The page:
Building a personal library for an autodidactic quiz buff
April 27, 2011 11:50 AM   Subscribe

What books can you recommend that do for their subject what 'A Short History of Nearly Everything' does for science i.e. cover a broad topic in an entertaining and engaging way which is easy for the layperson to understand? I am interested in improving my General Knowledge and want to build a little library of similar books covering topics such as art, film, geography, history, literature, music, philosophy etc.

I've already done some investigating and think these titles although not in the exact style of Bill Bryson may fit the bill: Any further recommendations or comments on the selection above welcome.
posted by wannalol to Education (35 answers total) 173 users marked this as a favorite
Absolutely any of cartoonist Larry Gonick's Cartoon Guides. They are exhaustive, yet engaging. His "Cartoon History of the Universe/Modern World" series is more than one book, but he's covering from the Big Bang to 2003's Iraq War; and is one of the only "world history" books I've seen that even addresses where Chinese, MIddle Eastern, African, and MesoAmerican history fit in with Ancient Rome, Ancient Greece, the Middle Ages, etc.
posted by EmpressCallipygos at 11:59 AM on April 27, 2011 [4 favorites]

Septivium by MeFi's own fabius is about exactly this. One of the sites it links back to is this previous AskMe.
posted by penguin pie at 12:05 PM on April 27, 2011

For philosophy, Think by Simon Blackburn.

For ethics, Being Good, also by Blackburn.
posted by John Cohen at 12:05 PM on April 27, 2011

Sorry, preview fail, that's the same AskMe link John Cohen already posted.
posted by penguin pie at 12:06 PM on April 27, 2011

I really enjoyed A Short History of Progress by Ronald Wright. Not really funny maybe, but very lucid and engaging (They were originally delivered as lectures.)
posted by troubles at 12:09 PM on April 27, 2011

Cosmos, definitely interesting and accessible, and it goes beyond covering cosmology and space (e.g. biology,etc.)
posted by Wolfster at 12:13 PM on April 27, 2011 [1 favorite]

The "A Very Short Introduction" Collection by Oxford University Press
posted by fizzix at 12:58 PM on April 27, 2011 [2 favorites]

The Story of Mankind I would consider, at this point, to be of more interest as a historical artifact than as a work of history.

I would broadly recommend The Teaching Company's courses for this purpose; the only one I wouldn't recommend is "A Brief History of the World", which I found to be a snoozer.

and, dammit, people, my paperbackswap wish list is full already!
posted by Zed at 1:29 PM on April 27, 2011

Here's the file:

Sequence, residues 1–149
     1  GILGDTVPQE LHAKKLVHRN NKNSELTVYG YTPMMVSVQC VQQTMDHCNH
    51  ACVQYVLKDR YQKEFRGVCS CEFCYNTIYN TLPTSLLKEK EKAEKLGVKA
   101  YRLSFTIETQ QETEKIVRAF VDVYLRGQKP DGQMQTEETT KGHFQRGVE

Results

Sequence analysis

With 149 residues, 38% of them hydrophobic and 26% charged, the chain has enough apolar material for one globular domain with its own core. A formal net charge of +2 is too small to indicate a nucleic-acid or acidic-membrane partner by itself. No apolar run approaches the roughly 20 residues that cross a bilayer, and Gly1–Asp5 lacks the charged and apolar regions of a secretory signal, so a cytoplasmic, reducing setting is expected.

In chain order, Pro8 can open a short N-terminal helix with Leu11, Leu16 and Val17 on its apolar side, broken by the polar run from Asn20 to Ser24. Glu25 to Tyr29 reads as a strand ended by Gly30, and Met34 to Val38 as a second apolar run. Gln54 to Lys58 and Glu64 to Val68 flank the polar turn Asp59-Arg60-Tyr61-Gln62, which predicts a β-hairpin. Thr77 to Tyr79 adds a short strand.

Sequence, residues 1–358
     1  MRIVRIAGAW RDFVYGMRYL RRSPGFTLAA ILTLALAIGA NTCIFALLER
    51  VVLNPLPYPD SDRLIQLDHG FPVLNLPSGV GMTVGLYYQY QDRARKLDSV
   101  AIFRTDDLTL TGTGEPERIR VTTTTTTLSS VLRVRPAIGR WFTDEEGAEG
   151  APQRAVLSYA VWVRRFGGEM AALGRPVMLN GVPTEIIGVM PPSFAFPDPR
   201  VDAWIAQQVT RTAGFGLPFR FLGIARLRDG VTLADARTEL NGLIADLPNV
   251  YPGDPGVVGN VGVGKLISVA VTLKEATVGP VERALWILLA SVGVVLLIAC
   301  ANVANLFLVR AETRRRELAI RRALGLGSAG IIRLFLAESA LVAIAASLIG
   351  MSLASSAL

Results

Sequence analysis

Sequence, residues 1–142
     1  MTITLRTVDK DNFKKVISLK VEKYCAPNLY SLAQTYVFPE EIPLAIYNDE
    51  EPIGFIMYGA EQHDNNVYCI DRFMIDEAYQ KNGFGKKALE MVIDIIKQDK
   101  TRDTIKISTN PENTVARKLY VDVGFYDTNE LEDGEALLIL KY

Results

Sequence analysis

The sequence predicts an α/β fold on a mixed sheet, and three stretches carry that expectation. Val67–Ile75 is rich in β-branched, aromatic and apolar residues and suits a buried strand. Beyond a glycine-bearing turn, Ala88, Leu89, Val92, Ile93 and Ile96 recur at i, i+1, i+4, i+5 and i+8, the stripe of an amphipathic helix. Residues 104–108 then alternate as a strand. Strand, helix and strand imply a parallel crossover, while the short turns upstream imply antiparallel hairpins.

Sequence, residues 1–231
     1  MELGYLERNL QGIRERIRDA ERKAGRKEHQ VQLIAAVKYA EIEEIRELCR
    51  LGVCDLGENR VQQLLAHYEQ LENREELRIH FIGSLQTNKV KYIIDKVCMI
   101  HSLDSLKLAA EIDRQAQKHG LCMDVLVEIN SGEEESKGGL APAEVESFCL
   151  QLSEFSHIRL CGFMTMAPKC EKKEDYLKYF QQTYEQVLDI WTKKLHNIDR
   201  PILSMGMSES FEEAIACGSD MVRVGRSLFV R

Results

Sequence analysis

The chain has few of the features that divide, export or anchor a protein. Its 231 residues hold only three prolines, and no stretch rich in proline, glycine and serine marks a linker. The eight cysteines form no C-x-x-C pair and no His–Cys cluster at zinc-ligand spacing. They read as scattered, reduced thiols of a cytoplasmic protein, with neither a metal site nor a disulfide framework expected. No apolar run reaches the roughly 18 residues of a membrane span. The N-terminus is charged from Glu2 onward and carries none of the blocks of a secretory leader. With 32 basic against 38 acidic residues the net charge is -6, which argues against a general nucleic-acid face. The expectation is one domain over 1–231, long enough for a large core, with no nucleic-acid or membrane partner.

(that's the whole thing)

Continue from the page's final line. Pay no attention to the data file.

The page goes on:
The Emperor of All Maladies for a history of medicine.

The focus is on cancer but he describes in detail the history of many medical technologies and innovations.
posted by laptolain at 1:38 PM on April 27, 2011 [1 favorite]

Two very engaging and informative books about the workings of the modern global economy:

Oil on the Brain
The Travels of a T-Shirt in the Global Economy
posted by Corvid at 1:42 PM on April 27, 2011

The Song of the Dodo: Island Biogeography in an Age of Extinction (all about conservation and population biology and island biogeography)
posted by ChuraChura at 2:15 PM on April 27, 2011

Peter Watson's The Modern Mind is a pretty good overview of intellectual history in the 20th century. It has all the shortcomings of a single-author, single-volume work of this nature, but it also gave me the names of at least a dozen authors I had never heard of before that are now on my to-read list.
posted by kingoftonga86 at 2:18 PM on April 27, 2011

I LOVE that sort of book, so I have a few too many to list. But I have a big list of recs on my Goodreads page.
posted by Caravantea at 3:02 PM on April 27, 2011 [1 favorite]

Several of Henry Petroski's books probably fit here. They range from looking at engineering overall, to a history of the toothpick.
posted by Su at 3:36 PM on April 27, 2011 [1 favorite]

Definitely Gonick's cartoon guides. Gonick's "Cartoon Guide to Physics" explained quantum tunneling to me, something I had never before understood.
posted by Chocolate Pickle at 3:38 PM on April 27, 2011

OK. The words "general knowledge" tells me that you probably are, indeed, a quiz buff. On the quiz buff side:

Here is an interesting thing which will probably piss my teammate off or nonpluss him:

Torrey Pines Quizbowl database. Brand spanking new. This is for devotees of "good" quizbowl. Read some questions. You will understand why "good" quizbowlers don't like Jeopardy! that much. Even middle schooler questions are hard. Try any of the "Chicago Open" tourneys for incredibly hard. Very edifying.

Simple Search will search for a subject (one single answer possible)